Everybody knows you can go to Target or Wal-Mart or get a sweater that looks blue, you know, just like that jacket. But that doesn't mean that it's the same," says Eris. "You wouldn't want anyone to think you bought that at Wal-Mart."
"You are so wrong ... Do you really believe that?" Dr. Phil asks.

"Yes," says Eris. "Did you get that jacket at Wal-Mart?"

The audience roars with laughter. Dr. Phil answers. "No. I didn't get it at Wal-Mart, but you better believe that I shop at Wal-Mart." Dr. Phil turns to the camera. "We love Wal-Mart."

He turns back to Eris: "But you know what? I would rather walk into a room knowing that what I'm wearing I can afford and I paid for and I own it."
Dr. Phil shows some pictures of the house he and Robin lived in and the cars they owned when they first married. "Now I had a doctor's degree, I was young, but that was my car. And you know the most interesting feature of that car? I paid for it, I owned it. I paid $700 for that car. And Robin's car, $350. And you know what? I would drive that up anywhere and park it. I was proud of it. It had a name. We called it Clyde."
"Listen, do you have any responsibility to your children to be financially responsible?" Dr. Phil asks.

"My children are taken care of. They have good clothes and shelter, food," says Eris.

"How's their college fund shaping up?"

"We're haven't started working on that yet. We've got some other financial things we need to take care of first."

"You do not solve money problems with money," Dr. Phil tells him. "You don't. I guarantee you I could give you $30,000 right now and come back to your house in six months and you'd be back in the same debt you are in right now, wouldn't you?"

"Probably in three months," jokes Vivian.

"Because you wouldn't take that $30,000 and go pay off the $28,000 you've got in debt. You would go buy her a motorcycle so she could ride with you!"
Dr. Phil introduces Elizabeth Warren, a professor at Harvard Law School and the best-selling author of The Two Income Trap. Elizabeth explains an action plan that Eris and Vivian can start immediately:

  • Keep a roof over your head. "You guys have been through bankruptcy; you've spent your card. This is it. You're flying without a net," she warns them. "You are just away from the shelter or [living with] somebody's mom."

  • Sell the motorcycle. When Eris objects, Elizabeth tells him, "You put that thing on the market. You run an ad. And if you can't sell it in 30 days, you come back and we'll talk."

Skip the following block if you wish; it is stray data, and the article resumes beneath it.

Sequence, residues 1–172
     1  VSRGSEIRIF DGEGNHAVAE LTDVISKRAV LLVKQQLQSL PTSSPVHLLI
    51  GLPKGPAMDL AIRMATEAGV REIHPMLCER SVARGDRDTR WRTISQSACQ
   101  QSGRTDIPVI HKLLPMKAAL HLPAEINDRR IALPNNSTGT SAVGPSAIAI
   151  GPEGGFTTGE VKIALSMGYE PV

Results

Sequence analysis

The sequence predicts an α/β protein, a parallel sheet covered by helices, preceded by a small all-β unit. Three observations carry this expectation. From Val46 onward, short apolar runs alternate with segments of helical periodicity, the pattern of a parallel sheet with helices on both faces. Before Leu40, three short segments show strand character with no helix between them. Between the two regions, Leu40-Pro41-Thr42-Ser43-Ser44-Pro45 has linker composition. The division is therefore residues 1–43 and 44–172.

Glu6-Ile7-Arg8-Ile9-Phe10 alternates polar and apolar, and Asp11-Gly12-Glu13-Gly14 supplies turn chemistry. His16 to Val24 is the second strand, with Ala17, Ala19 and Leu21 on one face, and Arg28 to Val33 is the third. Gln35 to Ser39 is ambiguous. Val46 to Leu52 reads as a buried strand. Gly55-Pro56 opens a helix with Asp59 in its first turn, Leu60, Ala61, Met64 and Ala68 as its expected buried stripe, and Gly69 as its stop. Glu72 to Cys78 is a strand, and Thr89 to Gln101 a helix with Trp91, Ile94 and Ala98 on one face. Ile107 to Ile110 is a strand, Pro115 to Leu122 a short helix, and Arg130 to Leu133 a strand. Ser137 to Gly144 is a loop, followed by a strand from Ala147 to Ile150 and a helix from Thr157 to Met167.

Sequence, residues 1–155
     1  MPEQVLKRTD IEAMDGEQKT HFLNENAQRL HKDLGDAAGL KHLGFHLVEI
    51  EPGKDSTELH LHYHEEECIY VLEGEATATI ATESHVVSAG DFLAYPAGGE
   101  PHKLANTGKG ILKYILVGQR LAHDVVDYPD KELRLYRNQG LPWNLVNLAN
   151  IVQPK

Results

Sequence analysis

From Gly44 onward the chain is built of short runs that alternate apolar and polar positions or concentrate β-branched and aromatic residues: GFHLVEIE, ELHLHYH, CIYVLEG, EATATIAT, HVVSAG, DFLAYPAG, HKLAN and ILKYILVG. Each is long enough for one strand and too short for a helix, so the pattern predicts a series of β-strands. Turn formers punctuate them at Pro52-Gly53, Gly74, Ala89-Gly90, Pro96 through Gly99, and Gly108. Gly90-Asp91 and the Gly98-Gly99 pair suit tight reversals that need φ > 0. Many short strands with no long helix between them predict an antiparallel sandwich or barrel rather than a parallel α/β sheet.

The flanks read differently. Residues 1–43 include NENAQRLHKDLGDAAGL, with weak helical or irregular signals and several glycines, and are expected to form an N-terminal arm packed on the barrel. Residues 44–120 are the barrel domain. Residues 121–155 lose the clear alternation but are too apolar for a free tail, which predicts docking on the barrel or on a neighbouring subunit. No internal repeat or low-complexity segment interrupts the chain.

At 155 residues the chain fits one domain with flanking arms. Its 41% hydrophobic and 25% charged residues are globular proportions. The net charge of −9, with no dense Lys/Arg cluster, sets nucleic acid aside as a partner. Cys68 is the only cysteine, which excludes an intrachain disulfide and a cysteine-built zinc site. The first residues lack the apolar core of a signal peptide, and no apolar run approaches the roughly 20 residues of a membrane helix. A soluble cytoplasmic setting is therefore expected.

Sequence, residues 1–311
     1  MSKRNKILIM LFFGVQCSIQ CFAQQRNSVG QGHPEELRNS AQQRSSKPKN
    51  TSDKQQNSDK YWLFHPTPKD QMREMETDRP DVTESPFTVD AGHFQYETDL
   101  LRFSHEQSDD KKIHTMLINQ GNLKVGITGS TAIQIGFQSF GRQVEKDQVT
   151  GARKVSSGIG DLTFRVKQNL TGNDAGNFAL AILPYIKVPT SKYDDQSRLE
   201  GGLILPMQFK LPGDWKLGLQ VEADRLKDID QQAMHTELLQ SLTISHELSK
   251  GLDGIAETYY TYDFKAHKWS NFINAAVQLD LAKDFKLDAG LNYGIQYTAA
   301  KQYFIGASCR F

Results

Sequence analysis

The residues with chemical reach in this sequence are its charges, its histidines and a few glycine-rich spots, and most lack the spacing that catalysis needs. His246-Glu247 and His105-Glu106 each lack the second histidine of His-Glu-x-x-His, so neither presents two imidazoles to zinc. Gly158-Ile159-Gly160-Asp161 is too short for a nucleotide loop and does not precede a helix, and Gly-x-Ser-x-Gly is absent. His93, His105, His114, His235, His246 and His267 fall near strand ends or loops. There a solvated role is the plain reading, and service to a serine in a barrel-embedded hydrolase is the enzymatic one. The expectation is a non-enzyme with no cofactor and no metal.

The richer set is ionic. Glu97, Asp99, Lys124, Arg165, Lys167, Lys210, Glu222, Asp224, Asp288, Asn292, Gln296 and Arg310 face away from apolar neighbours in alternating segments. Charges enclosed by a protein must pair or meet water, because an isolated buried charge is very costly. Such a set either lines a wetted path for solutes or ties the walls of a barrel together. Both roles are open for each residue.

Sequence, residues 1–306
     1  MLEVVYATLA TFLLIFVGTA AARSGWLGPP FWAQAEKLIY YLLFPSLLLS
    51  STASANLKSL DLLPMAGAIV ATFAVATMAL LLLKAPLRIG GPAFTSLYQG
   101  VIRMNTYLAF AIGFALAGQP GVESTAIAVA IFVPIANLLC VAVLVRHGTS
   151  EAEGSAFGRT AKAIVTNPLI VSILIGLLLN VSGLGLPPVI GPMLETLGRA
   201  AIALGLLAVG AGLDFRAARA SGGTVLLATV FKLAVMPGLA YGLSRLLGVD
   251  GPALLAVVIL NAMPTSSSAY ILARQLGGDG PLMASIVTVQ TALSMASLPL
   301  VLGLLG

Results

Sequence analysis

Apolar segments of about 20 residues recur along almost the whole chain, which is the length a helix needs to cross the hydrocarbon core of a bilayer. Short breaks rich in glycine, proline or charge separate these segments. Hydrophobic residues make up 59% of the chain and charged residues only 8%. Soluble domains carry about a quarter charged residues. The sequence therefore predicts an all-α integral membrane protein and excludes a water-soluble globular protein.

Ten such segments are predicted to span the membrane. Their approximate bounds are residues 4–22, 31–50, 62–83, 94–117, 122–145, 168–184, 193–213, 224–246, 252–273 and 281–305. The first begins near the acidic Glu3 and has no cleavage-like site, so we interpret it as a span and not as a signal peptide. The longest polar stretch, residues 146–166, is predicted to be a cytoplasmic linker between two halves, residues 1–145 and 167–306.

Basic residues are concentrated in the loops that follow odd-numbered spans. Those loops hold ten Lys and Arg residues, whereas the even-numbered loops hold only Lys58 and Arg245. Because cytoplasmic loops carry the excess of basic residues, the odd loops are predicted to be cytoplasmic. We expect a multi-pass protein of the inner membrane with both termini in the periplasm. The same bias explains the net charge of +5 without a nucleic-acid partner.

• Repair the car or get an older one. "Sell the Lexus and buy a couple of clunkers for cash. You'll have no car payment and you'll have wheels. You can get from here to there."

  • Sell the Durango. "You're going to use that cash to pay down your bills and when you sell off that Durango, you're going to get out from underneath a huge monthly payment."
  • Prioritize your debt: 1) Student loans, 2) High interest debt, 3) Other. "You've got to stay up with those student loans," says Elizabeth. "And then high interest debts. You've talked to the payday lenders? Those people will rob you blind. If they're living in your pockets, there's never going to be a penny left over for you. Then you've got to go to the other debts that you owe."

  • $500/month cash for clothes and toys. When it's gone, it's gone. "You got to spend some money on clothes. But this one's got to be cash purchases. You take out $500 at the beginning of the month — that's in cash. Take it out of your checking account. So you go spend it however you want to spend it, but when it's gone, there's no more until the first of the next month," she says.

  • Challenge everything. "Nothing is sacred," Dr. Phil tells them. "You can get rid of a car, you can move to a smaller apartment or house. You do what you have to do. Don't tell me you've got six people in your family and a $13,000 motorcycle sitting in the garage. Those things are contradictory logic."

    When Eris objects, Dr. Phil reminds him, "You have to do what it takes to get out from under this debt or you're going to wind up living with your parents."